• Clarke NF, Ilkovski B, Cooper S, Valova VA, Robinson PJ, Nonaka I, Feng JJ, Marston S, North K. The pathogenesis of ACTA1-related congenital fiber type disproportion. Ann Neurol. 2007 Jun;61(6):552-61. doi: 10.1002/ana.21112. Citation on PubMed
  • Feng JJ, Marston S. Genotype-phenotype correlations in ACTA1 mutations that cause congenital myopathies. Neuromuscul Disord. 2009 Jan;19(1):6-16. doi: 10.1016/j.nmd.2008.09.005. Epub 2008 Oct 30. Citation on PubMed
  • Hung RM, Yoon G, Hawkins CE, Halliday W, Biggar D, Vajsar J. Cap myopathy caused by a mutation of the skeletal alpha-actin gene ACTA1. Neuromuscul Disord. 2010 Apr;20(4):238-40. doi: 10.1016/j.nmd.2010.01.011. Epub 2010 Mar 19. Erratum In: Neuromuscul Disord.2010 Aug;20(8):567. Citation on PubMed
  • Ilkovski B, Clement S, Sewry C, North KN, Cooper ST. Defining alpha-skeletal and alpha-cardiac actin expression in human heart and skeletal muscle explains the absence of cardiac involvement in ACTA1 nemaline myopathy. Neuromuscul Disord. 2005 Dec;15(12):829-35. doi: 10.1016/j.nmd.2005.08.004. Epub 2005 Nov 8. Citation on PubMed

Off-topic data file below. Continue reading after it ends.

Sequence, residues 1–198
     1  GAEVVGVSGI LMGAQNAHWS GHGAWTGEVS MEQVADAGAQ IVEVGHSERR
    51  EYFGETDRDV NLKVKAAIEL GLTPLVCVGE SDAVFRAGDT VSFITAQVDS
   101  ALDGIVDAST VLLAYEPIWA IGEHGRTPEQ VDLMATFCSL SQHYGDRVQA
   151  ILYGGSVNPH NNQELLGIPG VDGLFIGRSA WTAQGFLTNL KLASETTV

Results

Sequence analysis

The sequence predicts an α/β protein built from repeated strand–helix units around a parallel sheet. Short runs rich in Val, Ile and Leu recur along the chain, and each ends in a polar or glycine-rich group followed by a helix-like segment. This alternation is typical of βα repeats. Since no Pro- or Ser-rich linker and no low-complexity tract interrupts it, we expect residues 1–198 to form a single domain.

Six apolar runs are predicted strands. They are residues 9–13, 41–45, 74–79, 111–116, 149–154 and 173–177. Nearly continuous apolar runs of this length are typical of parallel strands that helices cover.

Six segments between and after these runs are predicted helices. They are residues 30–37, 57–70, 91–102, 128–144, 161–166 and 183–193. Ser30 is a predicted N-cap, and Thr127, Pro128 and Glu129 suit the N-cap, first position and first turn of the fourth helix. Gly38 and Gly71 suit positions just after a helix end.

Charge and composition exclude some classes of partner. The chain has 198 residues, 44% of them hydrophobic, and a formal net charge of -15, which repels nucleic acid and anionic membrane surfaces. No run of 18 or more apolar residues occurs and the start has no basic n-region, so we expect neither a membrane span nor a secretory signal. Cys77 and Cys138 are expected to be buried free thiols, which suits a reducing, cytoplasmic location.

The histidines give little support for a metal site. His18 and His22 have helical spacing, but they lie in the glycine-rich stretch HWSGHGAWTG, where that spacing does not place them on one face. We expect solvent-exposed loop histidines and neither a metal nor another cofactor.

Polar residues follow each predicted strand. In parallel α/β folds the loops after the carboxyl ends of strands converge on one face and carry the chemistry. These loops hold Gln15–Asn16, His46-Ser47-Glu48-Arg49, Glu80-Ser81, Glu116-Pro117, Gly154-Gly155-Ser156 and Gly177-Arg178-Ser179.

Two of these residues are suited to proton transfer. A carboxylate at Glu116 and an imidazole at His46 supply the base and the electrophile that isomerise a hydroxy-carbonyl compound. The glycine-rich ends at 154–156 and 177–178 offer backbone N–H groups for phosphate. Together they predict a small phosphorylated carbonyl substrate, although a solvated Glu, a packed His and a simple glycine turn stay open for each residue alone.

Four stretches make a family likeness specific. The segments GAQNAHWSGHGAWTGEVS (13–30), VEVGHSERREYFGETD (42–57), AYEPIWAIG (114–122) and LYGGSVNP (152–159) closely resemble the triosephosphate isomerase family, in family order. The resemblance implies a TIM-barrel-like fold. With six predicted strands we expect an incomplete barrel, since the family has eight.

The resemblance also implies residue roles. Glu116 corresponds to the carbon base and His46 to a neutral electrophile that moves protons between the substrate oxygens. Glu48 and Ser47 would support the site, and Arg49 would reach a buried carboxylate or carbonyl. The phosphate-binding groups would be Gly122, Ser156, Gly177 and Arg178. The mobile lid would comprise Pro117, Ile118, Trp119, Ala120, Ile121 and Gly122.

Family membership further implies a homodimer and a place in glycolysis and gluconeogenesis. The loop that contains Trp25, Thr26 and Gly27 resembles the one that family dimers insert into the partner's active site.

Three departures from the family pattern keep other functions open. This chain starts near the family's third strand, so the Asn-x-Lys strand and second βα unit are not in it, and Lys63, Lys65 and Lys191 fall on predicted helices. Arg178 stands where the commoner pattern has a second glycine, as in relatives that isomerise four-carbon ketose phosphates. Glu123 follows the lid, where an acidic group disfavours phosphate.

• Kaimaktchiev V, Goebel H, Laing N, Narus M, Weeks D, Nixon R. Intranuclear nemaline rod myopathy. Muscle Nerve. 2006 Sep;34(3):369-72. doi: 10.1002/mus.20521. Citation on PubMed
  • Koy A, Ilkovski B, Laing N, North K, Weis J, Neuen-Jacob E, Mayatepek E, Voit T. Nemaline myopathy with exclusively intranuclear rods and a novel mutation in ACTA1 (Q139H). Neuropediatrics. 2007 Dec;38(6):282-6. doi: 10.1055/s-2008-1065356. Citation on PubMed
  • Laing NG, Clarke NF, Dye DE, Liyanage K, Walker KR, Kobayashi Y, Shimakawa S, Hagiwara T, Ouvrier R, Sparrow JC, Nishino I, North KN, Nonaka I. Actin mutations are one cause of congenital fibre type disproportion. Ann Neurol. 2004 Nov;56(5):689-94. doi: 10.1002/ana.20260. Citation on PubMed